Good morning! I have a pair of cards today using a new favorite stamp set of mine: Sweet Perfume from Penny Black. It’s a cling stamp, so it isn’t something that I would have had on my radar PM (pre-Misti), but the ability to stamp the same image multiple times totally sold me on this gorgeous stamp, and I’m so glad it did! I’ve been playing around with my different watercolor mediums because, frankly, I’m a little tired of my Zig markers. (lol! Who would ever have thought I’d say that?!) I have, in my arsenal of mediums, both Dr Ph Martins and Daniel Smith watercolor pans, so I’ve been making an effort to put them to use more frequently. The projects today put both to use.
For this first project, I used my Dr. Ph Martin’s set of watercolors. These watercolors are fun, but they definitely have a learning curve. I started by heat embossing my Sweet Perfume stamp using gold embossing powder onto Canson Montval watercolor paper. Next, I used my Ph Martin watercolors to color these beautiful flowers. The key with the Ph Martin watercolors, at least what I’ve found, is that you can’t start out with a huge amount of pigment like you do the Zigs and then blend it out with the wet paintbrush. It just requires layers upon layers of watered down color to get the amount of depth and shadow that you want to achieve. Let it dry between layers so that you don’t get too much “bloom” and the pigment doesn’t get diluted by the damp watercolor paper. I do love that mixing the Ph Martin colors is just about as easy as one could hope for. Simply use that handy dropper from a few different bottles of color to create a totally custom color.
Once I had spent so much time building up the color on the floral panel, I didn’t particularly want to cover it up or cut into it, so I chose a pretty frame die from Papertrey Ink: Mix and Mat Flourishes. I used another rectangle die from my stash to make it into an actual frame. I love how ornate it is! I die cut it from some somewhat dark gold shimmer card stock that I found in my stash. For the greeting, I used another Papertrey Ink die: Big Basics Thinking of You, die cut three times, then adhered together and layered with Glossy Accents over the top. A simple finish, but that detailed backdrop doesn’t need a lot of help to be noticed, I think. 🙂 As you can see, the Ph Martins, because they are liquid, are a fairly translucent medium, but one can still achieve a great deal of depth and dimension within that parameter. If you lay down too much pigmented color at the start, it’s difficult to move it and manipulate it, so I found it easiest to lay down a light wash of very diluted color, then gradually come back in with more and more layers of light color.
My other card uses the same Sweet Perfume stamp, but was created with my Daniel Smith watercolors. I started by heat embossing the same floral background stamp using silver embossing powder onto some Arches cold press watercolor paper. I wanted to try practicing my white flowers. I haven’t ever really tried creating a white flower, even with the (somewhat ridiculous) amount of flowers I’ve colored over the last few years. I wanted to see if I could do it. I used a pretty gray-ish purple color from Daniel Smith called Shadow Violet to add shadows and details, as well as a touch of Naples Yellow to the lighter parts of each petal, just to add a touch of color. White isn’t just the absence of color, I’ve found… Subtle shadows are just as important. It also helps to surround the white flower with lots of bright colors to make the contrast even more stark.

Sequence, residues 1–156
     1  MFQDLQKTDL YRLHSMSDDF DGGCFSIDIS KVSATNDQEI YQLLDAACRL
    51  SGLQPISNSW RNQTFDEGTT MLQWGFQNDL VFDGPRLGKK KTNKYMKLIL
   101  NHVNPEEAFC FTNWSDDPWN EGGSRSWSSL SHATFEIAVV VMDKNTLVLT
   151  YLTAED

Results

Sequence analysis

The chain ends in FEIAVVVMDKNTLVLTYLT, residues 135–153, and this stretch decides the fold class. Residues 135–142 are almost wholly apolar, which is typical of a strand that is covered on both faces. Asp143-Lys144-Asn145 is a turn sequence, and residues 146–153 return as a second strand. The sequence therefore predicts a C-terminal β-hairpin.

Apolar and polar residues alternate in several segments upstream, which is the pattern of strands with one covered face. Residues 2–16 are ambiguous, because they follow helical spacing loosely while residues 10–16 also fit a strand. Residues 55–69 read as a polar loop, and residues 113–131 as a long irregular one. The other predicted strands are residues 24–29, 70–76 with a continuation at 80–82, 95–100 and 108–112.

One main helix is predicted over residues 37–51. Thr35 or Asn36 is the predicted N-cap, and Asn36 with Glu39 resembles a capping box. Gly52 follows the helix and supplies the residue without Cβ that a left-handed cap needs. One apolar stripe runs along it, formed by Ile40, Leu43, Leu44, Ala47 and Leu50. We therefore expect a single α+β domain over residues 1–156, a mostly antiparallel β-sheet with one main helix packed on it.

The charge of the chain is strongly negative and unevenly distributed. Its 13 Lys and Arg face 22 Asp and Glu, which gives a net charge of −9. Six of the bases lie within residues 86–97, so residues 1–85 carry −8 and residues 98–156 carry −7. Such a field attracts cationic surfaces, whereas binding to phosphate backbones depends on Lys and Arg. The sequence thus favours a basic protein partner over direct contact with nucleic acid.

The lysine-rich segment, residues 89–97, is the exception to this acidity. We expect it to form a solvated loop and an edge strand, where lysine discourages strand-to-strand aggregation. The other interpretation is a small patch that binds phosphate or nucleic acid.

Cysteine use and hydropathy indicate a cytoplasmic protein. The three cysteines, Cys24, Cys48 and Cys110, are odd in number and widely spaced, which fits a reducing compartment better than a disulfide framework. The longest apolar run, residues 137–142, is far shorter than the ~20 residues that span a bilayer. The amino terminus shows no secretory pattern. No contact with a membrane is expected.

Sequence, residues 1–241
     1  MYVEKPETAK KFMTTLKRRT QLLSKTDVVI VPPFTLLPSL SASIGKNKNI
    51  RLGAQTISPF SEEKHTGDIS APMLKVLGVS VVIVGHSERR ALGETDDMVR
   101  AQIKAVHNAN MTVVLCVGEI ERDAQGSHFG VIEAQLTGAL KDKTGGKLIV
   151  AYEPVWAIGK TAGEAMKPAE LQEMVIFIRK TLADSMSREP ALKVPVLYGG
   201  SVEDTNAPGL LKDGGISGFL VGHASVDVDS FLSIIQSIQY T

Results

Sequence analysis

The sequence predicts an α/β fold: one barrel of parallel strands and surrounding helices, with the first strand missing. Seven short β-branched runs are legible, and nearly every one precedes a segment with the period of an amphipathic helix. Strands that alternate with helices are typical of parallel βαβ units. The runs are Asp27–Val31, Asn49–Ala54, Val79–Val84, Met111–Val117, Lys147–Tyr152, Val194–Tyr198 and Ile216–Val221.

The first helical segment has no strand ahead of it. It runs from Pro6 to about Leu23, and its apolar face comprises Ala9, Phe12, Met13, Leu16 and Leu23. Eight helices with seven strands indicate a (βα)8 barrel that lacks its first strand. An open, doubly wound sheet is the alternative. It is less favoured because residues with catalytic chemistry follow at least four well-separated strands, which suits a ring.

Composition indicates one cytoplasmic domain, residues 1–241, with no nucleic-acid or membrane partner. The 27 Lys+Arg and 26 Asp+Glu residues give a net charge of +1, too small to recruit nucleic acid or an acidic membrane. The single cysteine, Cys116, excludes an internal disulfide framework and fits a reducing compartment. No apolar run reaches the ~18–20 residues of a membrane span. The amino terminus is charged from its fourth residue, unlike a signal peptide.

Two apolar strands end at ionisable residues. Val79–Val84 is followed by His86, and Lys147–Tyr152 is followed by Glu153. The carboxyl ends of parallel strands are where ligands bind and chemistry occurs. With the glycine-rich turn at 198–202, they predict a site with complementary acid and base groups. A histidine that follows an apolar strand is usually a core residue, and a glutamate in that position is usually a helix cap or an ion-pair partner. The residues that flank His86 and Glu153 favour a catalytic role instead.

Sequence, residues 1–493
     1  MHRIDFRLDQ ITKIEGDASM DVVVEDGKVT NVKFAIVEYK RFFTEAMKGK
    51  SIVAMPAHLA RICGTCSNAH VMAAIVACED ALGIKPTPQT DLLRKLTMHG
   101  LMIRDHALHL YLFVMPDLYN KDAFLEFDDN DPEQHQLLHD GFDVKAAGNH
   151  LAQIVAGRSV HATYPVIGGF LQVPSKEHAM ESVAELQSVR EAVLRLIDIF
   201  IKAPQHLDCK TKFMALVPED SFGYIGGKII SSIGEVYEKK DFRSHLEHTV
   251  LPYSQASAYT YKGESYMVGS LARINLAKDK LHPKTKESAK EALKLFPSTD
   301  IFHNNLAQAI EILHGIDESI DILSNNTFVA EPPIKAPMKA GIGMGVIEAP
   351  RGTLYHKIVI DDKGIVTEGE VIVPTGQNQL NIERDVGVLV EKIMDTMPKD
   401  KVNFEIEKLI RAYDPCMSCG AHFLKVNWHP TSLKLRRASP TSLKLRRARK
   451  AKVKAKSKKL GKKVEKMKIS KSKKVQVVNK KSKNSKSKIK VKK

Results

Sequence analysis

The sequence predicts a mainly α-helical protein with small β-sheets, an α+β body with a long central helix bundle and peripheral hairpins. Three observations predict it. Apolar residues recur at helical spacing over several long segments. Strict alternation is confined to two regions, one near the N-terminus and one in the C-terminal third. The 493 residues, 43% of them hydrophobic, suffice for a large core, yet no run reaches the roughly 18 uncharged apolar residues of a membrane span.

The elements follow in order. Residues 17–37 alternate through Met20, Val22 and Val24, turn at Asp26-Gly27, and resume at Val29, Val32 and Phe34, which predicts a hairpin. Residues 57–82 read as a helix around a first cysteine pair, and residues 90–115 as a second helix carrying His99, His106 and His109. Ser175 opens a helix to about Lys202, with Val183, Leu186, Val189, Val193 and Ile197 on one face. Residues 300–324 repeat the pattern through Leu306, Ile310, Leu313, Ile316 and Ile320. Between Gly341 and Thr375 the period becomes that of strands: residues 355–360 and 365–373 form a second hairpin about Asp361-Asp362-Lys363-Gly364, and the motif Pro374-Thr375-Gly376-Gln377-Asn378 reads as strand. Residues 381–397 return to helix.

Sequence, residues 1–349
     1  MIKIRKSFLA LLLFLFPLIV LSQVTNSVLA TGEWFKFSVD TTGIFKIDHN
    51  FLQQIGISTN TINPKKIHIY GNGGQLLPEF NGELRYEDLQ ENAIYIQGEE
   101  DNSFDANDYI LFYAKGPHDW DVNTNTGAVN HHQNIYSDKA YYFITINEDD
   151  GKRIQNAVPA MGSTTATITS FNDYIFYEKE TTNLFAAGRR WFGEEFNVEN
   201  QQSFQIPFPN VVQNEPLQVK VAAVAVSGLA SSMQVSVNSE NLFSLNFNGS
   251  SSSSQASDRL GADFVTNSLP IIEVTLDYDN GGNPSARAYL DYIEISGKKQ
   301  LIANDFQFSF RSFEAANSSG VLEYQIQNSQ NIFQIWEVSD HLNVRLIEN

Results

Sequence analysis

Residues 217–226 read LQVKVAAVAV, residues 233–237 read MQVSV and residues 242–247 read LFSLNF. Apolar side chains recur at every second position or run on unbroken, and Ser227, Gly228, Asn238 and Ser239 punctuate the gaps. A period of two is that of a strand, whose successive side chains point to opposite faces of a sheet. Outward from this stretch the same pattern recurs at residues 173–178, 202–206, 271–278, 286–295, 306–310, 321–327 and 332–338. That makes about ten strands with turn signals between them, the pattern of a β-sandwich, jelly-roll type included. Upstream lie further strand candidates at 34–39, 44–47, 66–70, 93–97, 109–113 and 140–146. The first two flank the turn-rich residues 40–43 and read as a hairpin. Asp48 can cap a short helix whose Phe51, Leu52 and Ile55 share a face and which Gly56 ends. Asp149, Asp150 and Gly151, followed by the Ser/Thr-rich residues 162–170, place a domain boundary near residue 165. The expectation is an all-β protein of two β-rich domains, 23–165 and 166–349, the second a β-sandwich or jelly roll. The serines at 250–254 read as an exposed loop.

After I had finished adding color to the background, I decided that I wanted to make it into a shaker card. (Has anybody else noticed that it seems like shaker cards are kind of giving way for super flat, one layered cards? It makes me sad. Such an awesome excuse for having containers full of sparklies.) I cut some charcoal glitter card stock from DCWV using my Mama Elephant Park Avenue frame die. I added a bunch of sequins from Cartwright’s inside my frame, then added a magenta foil “Birthday Wishes” die cut (another die from the PTI Big Basics line). I find that, in contrast to the Ph Martins, the Daniel Smith colors are a bit more opaque and concentrated. They don’t immediately sink down into the paper, so you can manipulate and move a great deal of color without having to worry about it creating harsh lines.
Again, a fairly simple finish (apart from the pretty, sparkly sequins), but I wanted to let the watercoloring shine through.
Well, what do you think of the two different watercolor mediums? After working with both, I think that I prefer the Daniel Smith to the Ph Martins, simply because you can lay down a decent amount of pigment and it will move beautifully, particularly if you use the right kind of watercolor paper. It reminds me of Zigs in that way, because you start with Zigs by laying down your pigment and then moving it with the damp paintbrush. One of the nicest things about using these more artist-grade watercolors is that they’re more lightfast than the Zigs (so many of my Zig projects are faded into an ugly mess!), and you have so many more color options, not just in the sheer volume of individual colors available to purchase, but the mixing opportunities. I’m beginning to find that my Zigs are becoming my “quick” medium, what I use if I just want to play around at my desk for a bit, while my more “legitimate” watercolors are what I make if I want to really put effort and mental energy into what I’m creating.
I hope you’ve enjoyed my minor “study” into this beautiful background from Penny Black, as well as a short comparison of some different watercoloring mediums. It never hurts to branch out and try something different. Thanks so much for stopping by!!